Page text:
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On the Origin of Tonsillectomy and the Dissection Method

Authors

  • Jeffrey A. Koempel MD

    Corresponding author
    1. Division of Otolaryngology, Children's Hospital Los Angeles, The Keck School of Medicine of the University of Southern California, Los Angeles, California, U.S.A.
    • Jeffrey A. Koempel, MD, 4650 Sunset Boulevard, MS 58, Children's Hospital Los Angeles, Los Angeles, CA 90027, U.S.A.
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  • Presented as a Poster at the 105th Annual Meeting of the Triological Society, Boca Raton, FL, May 12–14, 2002.

Abstract

Objectives To identify the person or persons responsible for the conception and description of the operation that we know of today as tonsillectomy and to determine whether this was accomplished by an American otolaryngologist(s) before the description by George Waugh of London in 1909.

Study Design A review of the English language medical literature from 1879 to 1910.

Methods Three hundred seventy-five articles relating to tonsil surgery or instrumentation for tonsil surgery were identified. It was possible to obtain and review only 67 articles. In addition, 20 textbooks relating to the tonsils and tonsil surgery (published between 1880 and 1966) were identified and reviewed.

Results An attempt to remove the entire tonsil intact was described by Edwin Pynchon in 1890 with the use of galvanocautery. He recommended that only one tonsil be removed at one time with approximately 2 weeks between operations. In 1903, Charles Robertson advocated the removal of both tonsils at one operation using scissors but did not mention the capsule. J. Gordon Wilson published a description of the tonsillar capsule in 1906 but did not comment on tonsil surgery or the importance of any particular structure as a surgical landmark. In that same year, William Lincoln Ballenger of Chicago, Illinois, clearly recommended the complete removal of the tonsil with its capsule intact but commented that he usually used an écraseur-tonsillotome to finally remove the tonsil. Also in 1906, Ovidus Arthur Griffin of Ann Arbor, Michigan, described the use of a knife and a specially designed pair of scissors to remove the tonsils in their entirety in one operation without the use of a guillotine or an automatic instrument.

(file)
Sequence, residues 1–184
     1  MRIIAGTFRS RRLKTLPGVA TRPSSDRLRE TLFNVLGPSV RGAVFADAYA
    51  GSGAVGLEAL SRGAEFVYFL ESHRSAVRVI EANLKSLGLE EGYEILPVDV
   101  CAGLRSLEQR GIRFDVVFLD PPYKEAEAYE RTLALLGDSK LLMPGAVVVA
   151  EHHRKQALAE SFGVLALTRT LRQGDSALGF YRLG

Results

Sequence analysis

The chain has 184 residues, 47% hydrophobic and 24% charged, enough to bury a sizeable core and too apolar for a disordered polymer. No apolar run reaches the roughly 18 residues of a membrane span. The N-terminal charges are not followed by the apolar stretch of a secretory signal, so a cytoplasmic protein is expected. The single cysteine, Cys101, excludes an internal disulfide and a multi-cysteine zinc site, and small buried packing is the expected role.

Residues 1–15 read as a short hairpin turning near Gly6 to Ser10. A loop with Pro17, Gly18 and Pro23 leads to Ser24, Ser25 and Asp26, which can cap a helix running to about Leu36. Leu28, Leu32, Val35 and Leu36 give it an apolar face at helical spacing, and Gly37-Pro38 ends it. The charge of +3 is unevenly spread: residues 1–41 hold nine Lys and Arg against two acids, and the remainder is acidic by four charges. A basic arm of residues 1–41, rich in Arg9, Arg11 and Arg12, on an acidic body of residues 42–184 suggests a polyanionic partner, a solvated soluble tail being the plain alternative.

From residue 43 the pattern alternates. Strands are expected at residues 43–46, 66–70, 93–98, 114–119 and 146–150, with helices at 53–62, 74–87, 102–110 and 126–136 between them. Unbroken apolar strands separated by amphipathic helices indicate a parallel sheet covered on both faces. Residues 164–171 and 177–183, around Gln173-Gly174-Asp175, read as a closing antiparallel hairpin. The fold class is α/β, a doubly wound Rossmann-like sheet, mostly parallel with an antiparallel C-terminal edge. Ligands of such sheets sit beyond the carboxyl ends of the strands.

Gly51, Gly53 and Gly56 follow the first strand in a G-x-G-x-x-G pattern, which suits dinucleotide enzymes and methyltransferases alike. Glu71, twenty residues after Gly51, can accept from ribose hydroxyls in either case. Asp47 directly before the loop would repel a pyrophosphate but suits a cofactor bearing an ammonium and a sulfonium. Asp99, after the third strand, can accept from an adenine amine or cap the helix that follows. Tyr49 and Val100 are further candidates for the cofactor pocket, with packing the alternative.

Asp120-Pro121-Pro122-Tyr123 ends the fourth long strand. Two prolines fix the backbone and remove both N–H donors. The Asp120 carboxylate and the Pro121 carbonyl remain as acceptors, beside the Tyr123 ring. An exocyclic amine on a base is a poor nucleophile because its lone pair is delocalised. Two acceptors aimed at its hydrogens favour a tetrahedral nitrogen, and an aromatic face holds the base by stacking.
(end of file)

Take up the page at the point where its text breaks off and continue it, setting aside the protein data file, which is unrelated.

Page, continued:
Conclusion The operation that we know of today as tonsillectomy, the removal of the entire tonsil with the capsule intact, and the term tonsillectomy itself were conceived, described, and published by American otolaryngologists before the description by George Waugh of London in 1909.

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